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Paying Off Your Good Debt Early—Savvy Strategy or Money Mistake?

by Emily Guy Birken

I hate debt.

It’s really that simple for me. I am uncomfortable with the idea of owing money, and so I generally avoid debt as much as possible, and I work to pay off any debt I have as quickly as possible. As of right now, the only debt I carry is my student loan and our mortgage, and I have been working my tail off trying to kill that student loan.

Pay off Debt or Save?

Should you pay off your student loans or invest?

But at the same time that I am sending the maximum that I can afford to my lender, I am also trying to beef up my retirement savings, since that has been on the back burner for several years. Debt feels more real to me than my retirement needs do, so I have been sending extra payments to my student loan while only giving the bare minimum (or less) to my retirement. The question is, have I been following a savvy money strategy or have I been shortchanging myself? I decided to find out.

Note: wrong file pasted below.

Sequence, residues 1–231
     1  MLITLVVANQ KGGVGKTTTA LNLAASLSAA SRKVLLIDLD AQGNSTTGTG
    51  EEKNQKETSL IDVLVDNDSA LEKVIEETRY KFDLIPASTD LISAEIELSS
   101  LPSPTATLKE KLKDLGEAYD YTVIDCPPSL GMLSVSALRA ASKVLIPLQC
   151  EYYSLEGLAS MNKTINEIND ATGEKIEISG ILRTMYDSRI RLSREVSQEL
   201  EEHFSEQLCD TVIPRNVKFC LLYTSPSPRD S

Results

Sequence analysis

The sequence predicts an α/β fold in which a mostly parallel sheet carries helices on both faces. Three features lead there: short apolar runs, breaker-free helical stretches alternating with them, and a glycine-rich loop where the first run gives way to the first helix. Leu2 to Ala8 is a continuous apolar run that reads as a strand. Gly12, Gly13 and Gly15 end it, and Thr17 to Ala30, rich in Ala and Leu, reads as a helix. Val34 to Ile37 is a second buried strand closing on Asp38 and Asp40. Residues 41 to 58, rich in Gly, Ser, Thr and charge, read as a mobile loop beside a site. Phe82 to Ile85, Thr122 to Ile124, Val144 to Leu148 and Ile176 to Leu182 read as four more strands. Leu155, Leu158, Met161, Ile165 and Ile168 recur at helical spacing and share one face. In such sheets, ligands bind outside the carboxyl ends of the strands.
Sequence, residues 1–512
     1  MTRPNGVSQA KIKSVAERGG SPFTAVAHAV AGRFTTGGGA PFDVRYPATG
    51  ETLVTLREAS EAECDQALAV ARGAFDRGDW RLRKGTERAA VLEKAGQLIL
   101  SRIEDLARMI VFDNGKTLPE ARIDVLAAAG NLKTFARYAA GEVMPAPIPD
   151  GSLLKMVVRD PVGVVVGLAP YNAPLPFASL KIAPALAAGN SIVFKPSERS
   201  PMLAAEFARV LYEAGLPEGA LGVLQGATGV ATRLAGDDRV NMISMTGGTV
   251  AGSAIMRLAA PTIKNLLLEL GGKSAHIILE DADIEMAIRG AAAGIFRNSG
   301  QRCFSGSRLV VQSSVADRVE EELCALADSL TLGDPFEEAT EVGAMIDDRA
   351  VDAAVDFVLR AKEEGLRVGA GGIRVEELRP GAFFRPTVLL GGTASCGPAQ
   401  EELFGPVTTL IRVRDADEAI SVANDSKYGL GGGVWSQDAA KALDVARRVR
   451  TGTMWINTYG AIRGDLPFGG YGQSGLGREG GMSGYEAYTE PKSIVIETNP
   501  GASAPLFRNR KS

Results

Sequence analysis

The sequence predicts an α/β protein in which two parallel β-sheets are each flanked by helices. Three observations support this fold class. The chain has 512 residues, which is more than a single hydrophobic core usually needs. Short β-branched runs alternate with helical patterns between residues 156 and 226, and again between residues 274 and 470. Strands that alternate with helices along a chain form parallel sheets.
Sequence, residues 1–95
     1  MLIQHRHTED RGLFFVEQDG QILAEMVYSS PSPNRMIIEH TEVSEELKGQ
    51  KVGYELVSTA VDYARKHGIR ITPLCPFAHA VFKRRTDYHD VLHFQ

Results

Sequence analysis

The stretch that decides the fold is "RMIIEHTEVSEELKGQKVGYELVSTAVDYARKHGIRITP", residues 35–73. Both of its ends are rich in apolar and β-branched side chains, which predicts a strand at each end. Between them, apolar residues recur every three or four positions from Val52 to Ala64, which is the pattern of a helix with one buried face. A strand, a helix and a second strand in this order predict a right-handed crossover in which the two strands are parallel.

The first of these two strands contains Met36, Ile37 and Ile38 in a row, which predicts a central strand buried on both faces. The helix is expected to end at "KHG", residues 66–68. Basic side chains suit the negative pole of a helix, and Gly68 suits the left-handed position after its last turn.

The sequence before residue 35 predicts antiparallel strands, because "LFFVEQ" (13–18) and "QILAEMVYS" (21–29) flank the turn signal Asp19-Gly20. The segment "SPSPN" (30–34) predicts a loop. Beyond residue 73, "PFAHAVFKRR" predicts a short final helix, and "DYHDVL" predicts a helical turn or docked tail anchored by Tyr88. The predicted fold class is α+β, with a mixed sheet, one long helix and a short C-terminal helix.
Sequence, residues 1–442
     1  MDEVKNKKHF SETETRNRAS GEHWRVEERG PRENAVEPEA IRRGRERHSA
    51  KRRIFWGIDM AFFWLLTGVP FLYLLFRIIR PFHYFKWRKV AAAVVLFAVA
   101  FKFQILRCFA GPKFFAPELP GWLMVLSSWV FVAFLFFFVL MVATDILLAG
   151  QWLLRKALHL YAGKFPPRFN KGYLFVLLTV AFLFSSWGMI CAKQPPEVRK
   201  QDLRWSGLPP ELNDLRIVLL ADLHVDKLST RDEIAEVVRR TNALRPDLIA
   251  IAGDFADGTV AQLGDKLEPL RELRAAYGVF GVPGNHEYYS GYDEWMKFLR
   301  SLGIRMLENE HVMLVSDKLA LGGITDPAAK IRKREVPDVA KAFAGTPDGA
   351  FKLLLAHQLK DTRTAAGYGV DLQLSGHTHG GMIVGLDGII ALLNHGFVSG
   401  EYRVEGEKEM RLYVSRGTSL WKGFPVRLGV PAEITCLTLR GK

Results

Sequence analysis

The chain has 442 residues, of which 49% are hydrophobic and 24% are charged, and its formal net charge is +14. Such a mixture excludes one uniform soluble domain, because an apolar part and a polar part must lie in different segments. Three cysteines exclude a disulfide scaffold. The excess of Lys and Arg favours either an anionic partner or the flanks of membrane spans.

How Much Will the Interest Cost You?

The first step in determining the best use of your money is to figure out exactly how much you will spend in interest with both your regular pay off schedule and with your accelerated schedule. Using the Crown Accelerated Debt Payoff Calculator, I discovered that it will take me 40 months to pay off the $13,169 remaining on my student loan if I send the minimum payment of $360 per month, and I will pay $1,022.10 in interest at my rate of 4.5%.

If I continue sending the $600 per month that I am currently allotting to my student loan payment, I will have the debt cleared in 23 months to the tune of $599.46 in interest. So far, so good. Apparently continuing with my quick-payoff plan will save me over $420 in interest and 17 months of payments.

How Much Will Your Money Otherwise Earn?

Of course, those calculations only tell half the story. I also need to determine just how much my retirement accounts will grow depending on how I choose to spend my money. Using the Savings/Investment Calculator on mycalculators.com, I found out the following: